Molecular determinants of antibiotic resistance in Salmonella enterica antibiotic resistance

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Nontyphoid strains of Salmonella enterica pose a great threat to human health. The problem of salmonellosis is aggravated compounded by the progressive spread of antibiotic resistance among clinical and agricultural strains of S. enterica. This literature review summarizes the current knowledge of the mechanisms of antibiotic resistance in S. enterica and illustrates the diversity and complexity of molecular systems providing antibiotic resistance. The spectrum of natural resistance is described and the adaptive (acquired) mechanisms of resistance to representatives of the main classes of antibiotics, including fluoroquinolones, aminoglycosides, tetracyclines, nitrofurans, sulfonamides, fosfomycin and chloramphenicol, are thoroughly characterized. Particular emphasis is placed on the analysis of the molecular genetic mechanisms of S. enterica resistance to representatives of the most important classes of antibiotics — β-lactams, and to reserve antibiotics — polymyxins (colistin). Genetic determinants of resistance, transmitted by a horizontal path route are also described. The review analyzes only those variants of the molecular mechanisms of antibiotic resistance where the clinical significance has been proven by a set of correct genetic (sequencing) and biochemical (confirmation of the spectrum of hydrolyzed β-lactams) studies. The main ways of regulating the expression of antibiotic resistance are also described. Many S. enterica strains exhibit a combination of different mechanisms of antibiotic resistance and have a multiple resistance. The question was raised about the heterogeneity of the distribution of resistance among different groups/serotypes within the S. enterica species. In particular, some clonal complexes with signs of resistance are more successful pathogens in humans and animals. Salmonella, like most other bacteria, exhibit a non-canonical type of antibiotic resistance — biofilm resistance, which is realized through several mechanisms, the main of which are the filtering/sorption capacity of the biofilm matrix and the transformation of biofilm cells into dormant and persistent forms.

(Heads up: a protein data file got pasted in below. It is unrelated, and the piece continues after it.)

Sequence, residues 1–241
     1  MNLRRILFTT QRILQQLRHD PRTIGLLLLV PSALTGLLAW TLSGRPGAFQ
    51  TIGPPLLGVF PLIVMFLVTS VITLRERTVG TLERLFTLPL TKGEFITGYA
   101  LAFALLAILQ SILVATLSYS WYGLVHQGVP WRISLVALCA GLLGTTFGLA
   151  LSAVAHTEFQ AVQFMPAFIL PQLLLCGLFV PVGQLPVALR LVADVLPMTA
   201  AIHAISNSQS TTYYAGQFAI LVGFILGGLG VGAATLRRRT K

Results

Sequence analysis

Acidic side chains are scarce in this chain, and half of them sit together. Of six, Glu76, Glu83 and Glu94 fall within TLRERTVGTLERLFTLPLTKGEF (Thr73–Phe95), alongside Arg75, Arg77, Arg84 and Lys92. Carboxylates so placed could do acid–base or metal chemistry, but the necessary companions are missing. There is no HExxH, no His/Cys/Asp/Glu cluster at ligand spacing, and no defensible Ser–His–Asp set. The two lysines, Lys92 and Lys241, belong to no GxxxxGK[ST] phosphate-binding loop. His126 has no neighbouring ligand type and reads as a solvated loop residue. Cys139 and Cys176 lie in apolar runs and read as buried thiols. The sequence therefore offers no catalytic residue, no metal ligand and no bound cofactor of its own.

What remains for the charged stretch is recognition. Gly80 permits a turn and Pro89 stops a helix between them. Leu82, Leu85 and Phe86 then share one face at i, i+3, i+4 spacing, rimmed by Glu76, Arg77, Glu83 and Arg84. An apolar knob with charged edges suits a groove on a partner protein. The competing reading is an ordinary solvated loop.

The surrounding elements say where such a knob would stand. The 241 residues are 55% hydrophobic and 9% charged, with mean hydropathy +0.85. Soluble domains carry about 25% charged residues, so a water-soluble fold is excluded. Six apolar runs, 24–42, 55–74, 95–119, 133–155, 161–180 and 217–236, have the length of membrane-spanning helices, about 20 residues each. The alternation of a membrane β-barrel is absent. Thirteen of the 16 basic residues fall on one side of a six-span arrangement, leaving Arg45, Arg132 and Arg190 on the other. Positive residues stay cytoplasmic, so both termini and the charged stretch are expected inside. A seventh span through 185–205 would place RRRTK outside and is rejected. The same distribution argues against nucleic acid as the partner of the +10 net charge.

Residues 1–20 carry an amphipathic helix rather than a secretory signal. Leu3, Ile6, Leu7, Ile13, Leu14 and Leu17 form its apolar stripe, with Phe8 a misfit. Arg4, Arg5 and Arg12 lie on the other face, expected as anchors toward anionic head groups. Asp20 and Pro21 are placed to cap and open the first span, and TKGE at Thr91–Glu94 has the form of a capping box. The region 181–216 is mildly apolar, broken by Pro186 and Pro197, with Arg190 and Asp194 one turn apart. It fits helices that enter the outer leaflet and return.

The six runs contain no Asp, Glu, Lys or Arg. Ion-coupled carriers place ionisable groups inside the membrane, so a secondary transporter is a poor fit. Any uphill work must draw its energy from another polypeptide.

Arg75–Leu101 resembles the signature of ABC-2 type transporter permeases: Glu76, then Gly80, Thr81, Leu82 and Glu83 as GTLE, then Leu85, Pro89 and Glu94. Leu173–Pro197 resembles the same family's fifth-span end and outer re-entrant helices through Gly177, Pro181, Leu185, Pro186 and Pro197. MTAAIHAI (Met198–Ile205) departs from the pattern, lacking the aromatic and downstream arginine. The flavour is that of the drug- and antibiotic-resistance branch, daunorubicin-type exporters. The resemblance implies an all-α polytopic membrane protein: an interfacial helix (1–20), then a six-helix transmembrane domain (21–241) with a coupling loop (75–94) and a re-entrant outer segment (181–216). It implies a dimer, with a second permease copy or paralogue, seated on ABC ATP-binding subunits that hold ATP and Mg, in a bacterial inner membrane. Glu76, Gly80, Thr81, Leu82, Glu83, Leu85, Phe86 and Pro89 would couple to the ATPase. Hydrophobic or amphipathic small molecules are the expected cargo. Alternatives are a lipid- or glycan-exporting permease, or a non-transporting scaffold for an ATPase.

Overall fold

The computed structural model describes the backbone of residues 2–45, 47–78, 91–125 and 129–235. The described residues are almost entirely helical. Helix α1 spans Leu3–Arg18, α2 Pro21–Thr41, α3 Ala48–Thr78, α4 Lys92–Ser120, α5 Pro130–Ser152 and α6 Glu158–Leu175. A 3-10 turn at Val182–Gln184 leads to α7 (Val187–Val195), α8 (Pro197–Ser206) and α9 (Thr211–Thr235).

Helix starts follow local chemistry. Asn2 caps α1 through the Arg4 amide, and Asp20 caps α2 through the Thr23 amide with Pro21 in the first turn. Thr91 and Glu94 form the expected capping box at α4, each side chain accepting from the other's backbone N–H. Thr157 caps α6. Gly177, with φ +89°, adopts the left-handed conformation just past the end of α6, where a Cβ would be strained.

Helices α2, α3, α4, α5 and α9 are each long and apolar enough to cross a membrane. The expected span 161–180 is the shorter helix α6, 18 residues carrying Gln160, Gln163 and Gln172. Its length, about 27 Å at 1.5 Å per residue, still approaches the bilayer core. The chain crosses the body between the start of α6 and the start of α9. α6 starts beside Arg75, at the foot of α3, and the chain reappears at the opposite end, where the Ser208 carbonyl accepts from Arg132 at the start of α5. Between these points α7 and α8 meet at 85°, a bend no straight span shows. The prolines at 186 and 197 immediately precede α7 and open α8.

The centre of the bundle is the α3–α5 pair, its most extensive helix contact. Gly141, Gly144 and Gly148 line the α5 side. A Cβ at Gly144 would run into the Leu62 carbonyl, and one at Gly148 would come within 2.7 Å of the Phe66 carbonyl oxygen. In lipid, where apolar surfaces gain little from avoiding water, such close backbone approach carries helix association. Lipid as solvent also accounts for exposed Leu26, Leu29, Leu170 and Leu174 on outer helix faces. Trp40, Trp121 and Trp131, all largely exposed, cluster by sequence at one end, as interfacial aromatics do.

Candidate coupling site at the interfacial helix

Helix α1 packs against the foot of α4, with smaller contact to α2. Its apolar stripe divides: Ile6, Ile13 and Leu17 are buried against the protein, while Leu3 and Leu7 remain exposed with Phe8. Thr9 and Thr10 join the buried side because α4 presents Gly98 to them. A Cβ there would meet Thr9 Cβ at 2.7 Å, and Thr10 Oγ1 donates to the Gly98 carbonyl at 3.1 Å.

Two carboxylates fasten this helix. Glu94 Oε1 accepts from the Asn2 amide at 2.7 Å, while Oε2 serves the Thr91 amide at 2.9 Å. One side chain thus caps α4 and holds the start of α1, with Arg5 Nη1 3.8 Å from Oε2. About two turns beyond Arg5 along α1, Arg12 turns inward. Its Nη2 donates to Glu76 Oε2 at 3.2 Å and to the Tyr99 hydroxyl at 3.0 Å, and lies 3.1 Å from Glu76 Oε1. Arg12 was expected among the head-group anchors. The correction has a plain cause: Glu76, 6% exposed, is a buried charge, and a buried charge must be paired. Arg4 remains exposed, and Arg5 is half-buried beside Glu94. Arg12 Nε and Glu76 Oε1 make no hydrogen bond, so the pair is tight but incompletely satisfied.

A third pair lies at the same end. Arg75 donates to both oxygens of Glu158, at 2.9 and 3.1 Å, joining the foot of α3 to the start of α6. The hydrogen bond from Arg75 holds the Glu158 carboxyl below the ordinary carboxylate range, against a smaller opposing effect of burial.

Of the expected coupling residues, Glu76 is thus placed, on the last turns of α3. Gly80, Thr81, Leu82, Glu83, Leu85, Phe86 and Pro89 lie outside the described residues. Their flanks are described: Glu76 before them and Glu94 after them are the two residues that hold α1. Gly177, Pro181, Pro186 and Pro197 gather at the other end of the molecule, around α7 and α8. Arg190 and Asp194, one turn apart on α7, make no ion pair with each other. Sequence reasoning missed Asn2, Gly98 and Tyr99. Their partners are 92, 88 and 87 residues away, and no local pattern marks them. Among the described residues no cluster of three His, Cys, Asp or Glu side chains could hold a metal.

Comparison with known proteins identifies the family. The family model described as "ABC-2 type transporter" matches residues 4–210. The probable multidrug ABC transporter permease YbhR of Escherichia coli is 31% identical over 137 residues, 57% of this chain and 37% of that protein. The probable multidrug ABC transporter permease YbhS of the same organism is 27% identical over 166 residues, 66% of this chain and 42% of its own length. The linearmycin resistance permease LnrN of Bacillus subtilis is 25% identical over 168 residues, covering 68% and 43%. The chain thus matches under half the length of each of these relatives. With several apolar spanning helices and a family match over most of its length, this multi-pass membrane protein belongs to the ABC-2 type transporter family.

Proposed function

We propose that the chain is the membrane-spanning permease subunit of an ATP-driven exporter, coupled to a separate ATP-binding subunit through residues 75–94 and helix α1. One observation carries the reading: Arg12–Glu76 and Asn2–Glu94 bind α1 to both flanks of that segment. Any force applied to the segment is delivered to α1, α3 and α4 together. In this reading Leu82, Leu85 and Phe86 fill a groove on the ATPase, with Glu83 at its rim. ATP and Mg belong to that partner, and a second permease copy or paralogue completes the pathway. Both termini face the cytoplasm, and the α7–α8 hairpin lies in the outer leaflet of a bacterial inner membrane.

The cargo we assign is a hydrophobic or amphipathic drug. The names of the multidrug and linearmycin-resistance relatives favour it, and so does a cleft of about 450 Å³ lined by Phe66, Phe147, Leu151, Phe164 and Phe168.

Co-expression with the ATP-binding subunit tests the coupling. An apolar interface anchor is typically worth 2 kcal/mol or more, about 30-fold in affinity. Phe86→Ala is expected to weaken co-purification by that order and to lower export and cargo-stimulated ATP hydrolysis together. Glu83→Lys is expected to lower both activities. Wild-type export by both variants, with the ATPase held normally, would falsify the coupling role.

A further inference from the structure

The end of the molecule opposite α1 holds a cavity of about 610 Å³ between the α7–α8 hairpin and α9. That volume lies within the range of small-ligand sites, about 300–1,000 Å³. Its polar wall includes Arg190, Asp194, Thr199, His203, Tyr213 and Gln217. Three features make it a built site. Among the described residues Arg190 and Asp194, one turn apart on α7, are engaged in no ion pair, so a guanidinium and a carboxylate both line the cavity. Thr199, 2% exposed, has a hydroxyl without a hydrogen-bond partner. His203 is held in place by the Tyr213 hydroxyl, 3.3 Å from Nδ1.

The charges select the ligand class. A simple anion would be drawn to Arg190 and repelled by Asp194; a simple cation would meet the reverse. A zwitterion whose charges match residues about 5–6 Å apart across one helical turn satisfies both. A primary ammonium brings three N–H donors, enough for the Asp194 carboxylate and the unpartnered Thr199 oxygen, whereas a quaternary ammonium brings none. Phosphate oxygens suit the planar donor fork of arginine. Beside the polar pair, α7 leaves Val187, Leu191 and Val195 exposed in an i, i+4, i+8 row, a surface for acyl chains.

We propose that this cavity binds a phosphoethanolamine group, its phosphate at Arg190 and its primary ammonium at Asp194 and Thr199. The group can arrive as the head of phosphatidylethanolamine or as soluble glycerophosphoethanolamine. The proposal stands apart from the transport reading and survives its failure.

Despite the fact that the functional significance of the molecular assemblies that determine antibiotic resistance is the same for all enterobacteria, the specification of the mechanisms of resistance in Salmonella is a necessary link for the development of molecular diagnostic systems for assessing the sensitivity to antimicrobial drugs.

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Speaking of the prevalence of antibiotic resistance (AR) in bacteria, the attention should be drawn to species posing the greatest threat to human health. Such pathogens include non-typhoidal Salmonella enterica strains. Their epidemiological and clinical significance stems from several factors. Firstly, Salmonella tops the list of the most widespread foodborne bacterial human pathogens [1]. An estimated 1,200,000 salmonellosis cases are reported annually in the United States1, with 23,000 severe cases requiring hospitalization2. The incidence of gastrointestinal salmonellosis was 20.1 cases per 100,000 population in the European Union in 2018 [2]. The prevalence of virulent clones of S. enterica remains high, being captured in death and incidence rates reported for non-intestinal (invasive) salmonellosis, where death cases can account for 21% or even 30% among immunocompromised patients [3]. Secondly, the genetic heterogeneity and strong poly-host adaptability of Salmonella makes it impossible to control salmonella infection by using preventive immunization in natural reservoirs. Thirdly, environmental flexibility of Salmonella facilitates its adaptation to mass administration of antimicrobial agents not only in the public health sector, but also in agricultural production, thus triggering a global spread of AR strains and increasing the risk of their transmission to humans [4–6]. Experts from the U.S. Centers for Disease Control and Prevention rate antibiotic-resistant S. enterica types as the most serious threat to present-day public health3.

The top-priority task set by the World Health Organization in its global AR program focuses on "improving awareness and understanding of antimicrobial resistance"4.